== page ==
Woman Holding a Fox Poem By David Yezzi
Buried inside, page three, below the fold,
a woman crumpled on fresh dirt begins to get the gist:
that she has lost the use of her left leg, that when she tripped
her hip gave out. Shock explains
this all to her, a self-assured young doctor mouthing, Rest.
The reason for the break, a rabid fox
that came at her when she stepped out for half a cigarette.
Age seventy-nine, the paper said; she hadn’t toppled far,
merely down her few fronts steps,
but late enough that no one finds her till the following day.
And here’s the eerie part. Just when she thinks
to drag herself down to the curb, the twisted fox comes back.
In hours her arms are bitten blue, waving her one defense.
Her glasses lost in tufted grass,
she hears it thread the underbrush before she sees it leap.
At two o’clock, a nurse toggles the lamp.
Something for the pain. Since after dark, the fox has come
to look on her as prey, the way he circles then descends.
This is no dream, she tells herself.
Yet it had seemed unreal from the initial streak of red:
a comedy at first, a photo-op,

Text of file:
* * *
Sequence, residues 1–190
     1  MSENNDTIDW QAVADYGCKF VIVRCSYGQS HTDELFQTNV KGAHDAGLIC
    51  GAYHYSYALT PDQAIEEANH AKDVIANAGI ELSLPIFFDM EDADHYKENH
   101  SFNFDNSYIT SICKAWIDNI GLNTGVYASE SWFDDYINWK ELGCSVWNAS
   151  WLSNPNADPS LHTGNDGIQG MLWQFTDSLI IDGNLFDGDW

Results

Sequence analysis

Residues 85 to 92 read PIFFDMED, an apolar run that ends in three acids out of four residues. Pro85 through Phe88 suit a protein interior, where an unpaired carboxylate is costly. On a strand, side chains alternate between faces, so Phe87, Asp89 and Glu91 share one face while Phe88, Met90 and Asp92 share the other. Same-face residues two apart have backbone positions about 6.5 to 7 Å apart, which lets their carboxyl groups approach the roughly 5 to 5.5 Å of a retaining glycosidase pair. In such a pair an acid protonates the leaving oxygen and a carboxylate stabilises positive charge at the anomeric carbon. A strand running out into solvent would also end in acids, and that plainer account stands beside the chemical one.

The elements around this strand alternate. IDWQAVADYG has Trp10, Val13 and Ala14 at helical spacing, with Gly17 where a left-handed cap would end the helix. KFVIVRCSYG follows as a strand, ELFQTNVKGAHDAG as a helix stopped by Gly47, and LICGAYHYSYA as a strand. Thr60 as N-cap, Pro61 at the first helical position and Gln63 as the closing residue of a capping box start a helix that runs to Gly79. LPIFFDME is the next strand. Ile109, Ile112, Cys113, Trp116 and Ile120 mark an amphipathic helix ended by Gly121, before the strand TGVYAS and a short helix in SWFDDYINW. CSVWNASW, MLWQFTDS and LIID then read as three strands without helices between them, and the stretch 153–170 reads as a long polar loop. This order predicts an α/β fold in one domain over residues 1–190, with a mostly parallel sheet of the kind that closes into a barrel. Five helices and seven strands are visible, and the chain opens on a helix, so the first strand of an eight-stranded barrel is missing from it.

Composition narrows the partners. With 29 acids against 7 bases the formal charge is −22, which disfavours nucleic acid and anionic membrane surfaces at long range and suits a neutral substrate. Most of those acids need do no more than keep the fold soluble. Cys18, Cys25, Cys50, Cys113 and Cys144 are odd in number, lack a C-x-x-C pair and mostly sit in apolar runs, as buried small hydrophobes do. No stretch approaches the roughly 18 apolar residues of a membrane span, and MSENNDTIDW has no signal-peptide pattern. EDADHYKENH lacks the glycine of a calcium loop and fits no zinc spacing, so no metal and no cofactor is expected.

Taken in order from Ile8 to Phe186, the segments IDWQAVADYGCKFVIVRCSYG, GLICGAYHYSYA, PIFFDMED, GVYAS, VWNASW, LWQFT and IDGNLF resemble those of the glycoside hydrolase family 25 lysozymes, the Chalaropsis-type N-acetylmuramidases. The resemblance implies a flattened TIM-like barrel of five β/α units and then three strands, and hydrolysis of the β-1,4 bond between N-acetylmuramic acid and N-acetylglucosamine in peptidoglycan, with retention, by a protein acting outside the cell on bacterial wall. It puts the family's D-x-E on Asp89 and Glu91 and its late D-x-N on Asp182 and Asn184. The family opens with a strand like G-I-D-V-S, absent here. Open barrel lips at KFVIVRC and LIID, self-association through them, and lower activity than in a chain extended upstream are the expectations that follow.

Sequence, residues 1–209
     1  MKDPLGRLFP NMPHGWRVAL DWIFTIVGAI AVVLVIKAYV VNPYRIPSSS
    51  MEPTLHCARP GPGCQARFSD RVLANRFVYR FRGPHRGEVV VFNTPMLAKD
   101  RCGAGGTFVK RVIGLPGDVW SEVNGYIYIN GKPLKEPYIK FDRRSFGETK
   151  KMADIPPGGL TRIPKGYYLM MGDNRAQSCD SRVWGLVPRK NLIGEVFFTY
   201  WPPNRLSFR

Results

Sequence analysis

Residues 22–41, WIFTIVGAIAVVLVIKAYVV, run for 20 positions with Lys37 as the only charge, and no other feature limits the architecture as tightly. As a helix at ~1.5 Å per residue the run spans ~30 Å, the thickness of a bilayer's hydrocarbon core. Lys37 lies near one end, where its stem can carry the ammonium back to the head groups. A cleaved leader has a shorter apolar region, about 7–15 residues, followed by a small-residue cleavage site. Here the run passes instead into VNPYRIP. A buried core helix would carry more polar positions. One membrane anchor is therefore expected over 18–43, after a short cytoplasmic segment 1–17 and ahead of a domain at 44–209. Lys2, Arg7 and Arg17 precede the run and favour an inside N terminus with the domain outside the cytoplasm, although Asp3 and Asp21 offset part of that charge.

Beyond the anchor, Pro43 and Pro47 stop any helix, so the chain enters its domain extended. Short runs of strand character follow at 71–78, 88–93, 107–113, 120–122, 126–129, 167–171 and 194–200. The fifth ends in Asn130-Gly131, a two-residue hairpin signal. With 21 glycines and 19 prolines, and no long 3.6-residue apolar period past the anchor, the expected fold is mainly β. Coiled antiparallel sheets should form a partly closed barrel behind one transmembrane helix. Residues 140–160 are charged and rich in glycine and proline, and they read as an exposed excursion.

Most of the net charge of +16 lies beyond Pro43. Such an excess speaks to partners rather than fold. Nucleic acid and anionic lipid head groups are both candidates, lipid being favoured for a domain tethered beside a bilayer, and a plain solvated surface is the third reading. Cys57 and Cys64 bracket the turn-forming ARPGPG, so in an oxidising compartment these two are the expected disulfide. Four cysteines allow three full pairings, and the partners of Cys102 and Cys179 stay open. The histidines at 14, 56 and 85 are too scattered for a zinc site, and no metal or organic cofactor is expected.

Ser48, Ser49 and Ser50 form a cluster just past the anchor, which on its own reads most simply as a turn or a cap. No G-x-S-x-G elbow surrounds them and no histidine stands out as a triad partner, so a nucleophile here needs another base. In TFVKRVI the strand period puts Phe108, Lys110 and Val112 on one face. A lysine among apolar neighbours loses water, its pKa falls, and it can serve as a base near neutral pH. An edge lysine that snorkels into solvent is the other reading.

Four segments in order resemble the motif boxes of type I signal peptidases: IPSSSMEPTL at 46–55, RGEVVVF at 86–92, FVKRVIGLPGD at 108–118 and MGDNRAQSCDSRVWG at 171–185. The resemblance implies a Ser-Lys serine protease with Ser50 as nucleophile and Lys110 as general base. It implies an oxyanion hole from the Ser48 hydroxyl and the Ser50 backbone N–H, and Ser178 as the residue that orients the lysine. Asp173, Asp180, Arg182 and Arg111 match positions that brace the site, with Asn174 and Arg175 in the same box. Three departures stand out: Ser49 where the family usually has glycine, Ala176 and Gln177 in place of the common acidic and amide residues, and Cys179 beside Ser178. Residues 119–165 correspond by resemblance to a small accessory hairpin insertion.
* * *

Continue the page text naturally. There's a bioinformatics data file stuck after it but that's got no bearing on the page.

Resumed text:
then something else, an eye-white flash our unsuspecting trust
shields us from until the outward show no longer jibes.
She’s landed in her garden row,
her Marlboro still smoking on the carefully weeded path.
Beyond the gate a sunset has begun,
the swatch of sky above her roof dyed jacaranda-blue.
These are things she sees as she assumes things can’t get worse.
But then they do. When it returns,
she clasps it to herself. Somehow she’s managed to affix
240 ~ Poetr y Daily
small hands around its muzzle and bared teeth.
All night she feels it panting and enraged, then weirdly calm.
So off and on for hours until someone spots her there.
A neighbor comes, she knows that now.
But on the sedge she hadn’t guessed that it would end so well.
As for what crowds her head: a single thought
repeated in contrition, while the same minute extends,
infinitely regressing between mirrors set opposed.
Music’s playing down the hall,
carried on a crack of light that shows the door ajar.
It’s nearly dawn. I have not killed the fox,
my arms barely keep him hemmed, my fingers have gone limp.
Across the lawn an amniotic slick of dew gives off
a silver sheen and sudden cold.
I’m glad you happened by, she wryly croaks when he appears.
Before he batters in the hissing fox,
he asks her why she simply didn’t let it run away.
I know this creature pretty well by now. She shows her skin.
It’s true, she understands the fox
and wonders if she hasn’t always known that he was there,
known it when her first child was born,
and known it, too, the day her husband died three years ago.
At any rate she knows it now, will always keep him close
in her embrace from day to day,
up to a time when memories of these no longer serve.
first published in New England Review, vol. 20, no. 3, Summer 1999
also from The Hidden Model